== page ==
Remember to breathe, Eels fans. After three games back-to-back that have taken years off my life, it’d be nice for the Parramatta Eels to just play to the odds and put up a comfortable win as 9.5 point favourites against the Dragons. Recent history suggests that is unlikely, so I’m reduced to hoping my blood pressure rises due to the tension of another close game, and not in rage at another underperformance by the Blue & Gold against the Red V.
We’re back at home and under lights for the first time this year, playing on a sodden CommBank Stadium after a series of storms lasting as long as the Eels premiership drought. I may not remember the feeling of warm sun on my face, but the heroics of Ray Stone, Dylan Brown, Clint Gutherson and Mitch Moses are fresh in my mind as we dig into the preview for what I’ve circled on the calendar as a “danger game” against the St. George-Illawarra Dragons.
Date: Sunday April 3, 2022
Venue: CommBank Stadium, Parramatta
Kick-off: 6:15PM AEST (don’t forget daylight savings ends Sunday morning)
Referee: Chris Butler
Broadcast: Fox League, Kayo
Head-to-Head: Played 39, Eels 20, Dragons 17, Drawn 2
Odds: Eels $1.30 Dragons $3.50
Lines: Eels -9.5, over/under 39.5
Fact: The Dragons have beat the Eels in their last two clashes, after losing 9 of the prior 10 matches
Sixties Speculates (Odds quoted are NSW TAB)
There was tremendous value in selecting the Eels to win last week, so I hope people got on.
This week the Eels are at short odds, so we have to look at the exotics for value.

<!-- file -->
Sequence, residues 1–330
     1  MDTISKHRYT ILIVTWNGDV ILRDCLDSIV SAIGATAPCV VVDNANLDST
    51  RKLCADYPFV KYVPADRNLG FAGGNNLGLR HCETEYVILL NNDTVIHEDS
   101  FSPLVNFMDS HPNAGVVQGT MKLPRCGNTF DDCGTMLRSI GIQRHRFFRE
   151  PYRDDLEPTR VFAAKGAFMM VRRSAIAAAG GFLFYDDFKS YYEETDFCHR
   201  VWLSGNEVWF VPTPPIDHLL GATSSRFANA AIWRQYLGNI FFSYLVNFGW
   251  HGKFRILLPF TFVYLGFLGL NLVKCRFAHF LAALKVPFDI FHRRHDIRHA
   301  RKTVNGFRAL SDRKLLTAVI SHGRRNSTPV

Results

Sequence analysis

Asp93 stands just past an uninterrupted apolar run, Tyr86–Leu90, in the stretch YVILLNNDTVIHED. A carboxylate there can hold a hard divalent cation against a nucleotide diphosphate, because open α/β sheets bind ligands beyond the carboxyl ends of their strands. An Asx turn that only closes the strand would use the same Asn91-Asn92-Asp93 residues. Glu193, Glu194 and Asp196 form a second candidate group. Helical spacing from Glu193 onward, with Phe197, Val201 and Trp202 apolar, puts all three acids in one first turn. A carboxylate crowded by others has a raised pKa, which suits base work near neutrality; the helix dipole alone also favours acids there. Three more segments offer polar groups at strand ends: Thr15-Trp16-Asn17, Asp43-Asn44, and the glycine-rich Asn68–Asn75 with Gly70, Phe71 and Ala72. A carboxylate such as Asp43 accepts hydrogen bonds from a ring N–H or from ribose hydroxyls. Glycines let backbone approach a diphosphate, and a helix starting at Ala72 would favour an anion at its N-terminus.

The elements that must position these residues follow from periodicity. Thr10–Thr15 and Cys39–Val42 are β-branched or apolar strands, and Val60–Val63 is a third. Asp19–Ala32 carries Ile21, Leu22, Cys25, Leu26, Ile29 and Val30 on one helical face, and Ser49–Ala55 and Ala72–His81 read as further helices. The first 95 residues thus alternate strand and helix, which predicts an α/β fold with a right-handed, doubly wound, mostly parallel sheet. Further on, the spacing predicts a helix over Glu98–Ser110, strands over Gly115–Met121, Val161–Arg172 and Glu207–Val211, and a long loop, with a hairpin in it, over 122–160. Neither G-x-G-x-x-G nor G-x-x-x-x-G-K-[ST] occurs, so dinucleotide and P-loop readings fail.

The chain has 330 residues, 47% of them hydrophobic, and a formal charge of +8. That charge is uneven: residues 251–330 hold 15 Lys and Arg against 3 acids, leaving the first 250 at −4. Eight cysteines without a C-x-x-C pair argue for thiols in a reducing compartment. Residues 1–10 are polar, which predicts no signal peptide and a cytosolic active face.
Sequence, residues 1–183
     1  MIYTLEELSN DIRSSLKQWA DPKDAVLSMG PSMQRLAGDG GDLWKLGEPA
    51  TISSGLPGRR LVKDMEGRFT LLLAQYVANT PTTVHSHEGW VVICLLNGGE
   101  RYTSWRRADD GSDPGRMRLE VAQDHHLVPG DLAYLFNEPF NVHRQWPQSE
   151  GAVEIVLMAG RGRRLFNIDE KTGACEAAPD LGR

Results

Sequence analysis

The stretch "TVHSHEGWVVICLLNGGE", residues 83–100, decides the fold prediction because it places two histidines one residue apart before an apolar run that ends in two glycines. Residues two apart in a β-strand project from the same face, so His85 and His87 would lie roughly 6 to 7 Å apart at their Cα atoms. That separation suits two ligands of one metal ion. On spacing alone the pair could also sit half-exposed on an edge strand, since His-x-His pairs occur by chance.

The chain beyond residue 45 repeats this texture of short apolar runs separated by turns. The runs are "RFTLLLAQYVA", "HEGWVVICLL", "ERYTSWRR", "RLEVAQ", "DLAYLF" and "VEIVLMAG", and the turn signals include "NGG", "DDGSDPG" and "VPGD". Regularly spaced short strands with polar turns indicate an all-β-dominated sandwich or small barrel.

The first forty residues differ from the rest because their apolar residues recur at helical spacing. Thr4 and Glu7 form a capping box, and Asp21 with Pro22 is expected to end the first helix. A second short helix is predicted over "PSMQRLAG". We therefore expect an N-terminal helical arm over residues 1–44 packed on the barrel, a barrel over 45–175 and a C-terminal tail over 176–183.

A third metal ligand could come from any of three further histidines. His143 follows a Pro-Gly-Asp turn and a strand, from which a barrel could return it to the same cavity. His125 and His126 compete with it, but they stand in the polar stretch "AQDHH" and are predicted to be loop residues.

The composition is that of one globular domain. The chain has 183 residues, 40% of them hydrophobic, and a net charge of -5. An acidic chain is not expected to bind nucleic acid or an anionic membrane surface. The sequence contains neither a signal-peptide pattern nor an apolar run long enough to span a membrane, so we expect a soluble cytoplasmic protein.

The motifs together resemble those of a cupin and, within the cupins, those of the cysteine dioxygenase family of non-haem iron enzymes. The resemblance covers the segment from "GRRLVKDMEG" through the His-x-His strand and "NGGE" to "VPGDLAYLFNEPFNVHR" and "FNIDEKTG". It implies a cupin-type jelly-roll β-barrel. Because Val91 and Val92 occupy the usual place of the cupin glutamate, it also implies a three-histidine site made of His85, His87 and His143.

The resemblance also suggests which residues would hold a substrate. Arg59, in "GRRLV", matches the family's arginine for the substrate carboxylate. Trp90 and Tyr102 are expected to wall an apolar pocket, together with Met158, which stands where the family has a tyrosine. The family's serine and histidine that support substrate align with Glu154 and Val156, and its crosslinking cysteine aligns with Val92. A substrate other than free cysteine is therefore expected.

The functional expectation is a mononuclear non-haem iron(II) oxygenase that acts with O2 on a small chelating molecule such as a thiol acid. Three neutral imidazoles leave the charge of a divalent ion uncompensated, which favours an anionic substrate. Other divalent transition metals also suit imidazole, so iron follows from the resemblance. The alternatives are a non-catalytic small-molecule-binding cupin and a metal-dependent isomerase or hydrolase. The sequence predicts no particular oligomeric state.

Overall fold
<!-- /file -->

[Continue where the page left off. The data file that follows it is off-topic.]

I’ve decided to hit the first half line/over under market, and I’m taking the Eels to cover the Dragons 5.5 start, with total first half points over 18.5.
You’ll get nice odds of $3.10 with that.
Happy, responsible punting.
1. Clint Gutherson 2. Waqa Blake 3. Will Penisini 4. Tom Opacic 5. Bailey Simonsson 6. Dylan Brown 7. Mitchell Moses 8. Reagan Campbell-Gillard 9. Reed Mahoney 10. Junior Paulo 11. Shaun Lane 12. Isaiah Papali’i 13. Nathan Brown. 14. Makahesi Makatoa 15. Ryan Matterson 16. Bryce Cartwright 17. Oregon Kaufusi.
18. Mitch Rein 19. Wiremu Greig 20. Hayze Perham 21. Ky Rodwell 22. Solomone Naiduki 23. Sam Loizou 24. Elie El-Zakhem.
Brad Arthur is treating poor old Wiremu Greig like he knows Greig is the one who keeps forgetting to flush in the clubhouse, getting him onto the first grade bench only to deny him a chance to play, then shifting him to the reserves this week for Ryan Matterson. In seriousness, it was bad strategically to not make full use of the bench in a physical contest, and it can’t be good for the morale of a young forward that many expect big things from at the club.